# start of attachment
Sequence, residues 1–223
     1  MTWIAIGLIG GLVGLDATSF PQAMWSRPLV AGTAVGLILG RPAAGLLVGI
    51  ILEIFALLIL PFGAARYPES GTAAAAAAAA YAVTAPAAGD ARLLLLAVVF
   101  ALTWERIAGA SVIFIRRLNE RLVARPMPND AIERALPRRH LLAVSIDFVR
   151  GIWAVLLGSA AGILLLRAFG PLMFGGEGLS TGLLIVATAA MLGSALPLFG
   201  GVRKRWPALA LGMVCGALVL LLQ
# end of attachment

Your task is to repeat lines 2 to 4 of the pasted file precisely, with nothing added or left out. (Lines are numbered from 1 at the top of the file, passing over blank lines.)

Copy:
     1  MTWIAIGLIG GLVGLDATSF PQAMWSRPLV AGTAVGLILG RPAAGLLVGI
    51  ILEIFALLIL PFGAARYPES GTAAAAAAAA YAVTAPAAGD ARLLLLAVVF
   101  ALTWERIAGA SVIFIRRLNE RLVARPMPND AIERALPRRH LLAVSIDFVR